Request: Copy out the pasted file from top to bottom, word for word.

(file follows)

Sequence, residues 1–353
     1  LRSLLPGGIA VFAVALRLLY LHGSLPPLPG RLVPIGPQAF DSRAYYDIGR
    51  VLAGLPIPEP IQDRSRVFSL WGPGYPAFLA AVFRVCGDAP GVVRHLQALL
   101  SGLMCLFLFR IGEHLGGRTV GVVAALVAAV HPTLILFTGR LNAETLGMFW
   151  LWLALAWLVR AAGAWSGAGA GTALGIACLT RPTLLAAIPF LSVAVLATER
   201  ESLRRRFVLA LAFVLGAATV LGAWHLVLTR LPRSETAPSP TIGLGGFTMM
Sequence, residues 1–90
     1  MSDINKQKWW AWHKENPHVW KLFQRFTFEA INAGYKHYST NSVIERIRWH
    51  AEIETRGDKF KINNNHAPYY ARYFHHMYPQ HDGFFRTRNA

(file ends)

Sequence, residues 1–353
     1  LRSLLPGGIA VFAVALRLLY LHGSLPPLPG RLVPIGPQAF DSRAYYDIGR
    51  VLAGLPIPEP IQDRSRVFSL WGPGYPAFLA AVFRVCGDAP GVVRHLQALL
   101  SGLMCLFLFR IGEHLGGRTV GVVAALVAAV HPTLILFTGR LNAETLGMFW
   151  LWLALAWLVR AAGAWSGAGA GTALGIACLT RPTLLAAIPF LSVAVLATER
   201  ESLRRRFVLA LAFVLGAATV LGAWHLVLTR LPRSETAPSP TIGLGGFTMM
Sequence, residues 1–90
     1  MSDINKQKWW AWHKENPHVW KLFQRFTFEA INAGYKHYST NSVIERIRWH
    51  AEIETRGDKF KINNNHAPYY ARYFHHMYPQ HDGFFRTRNA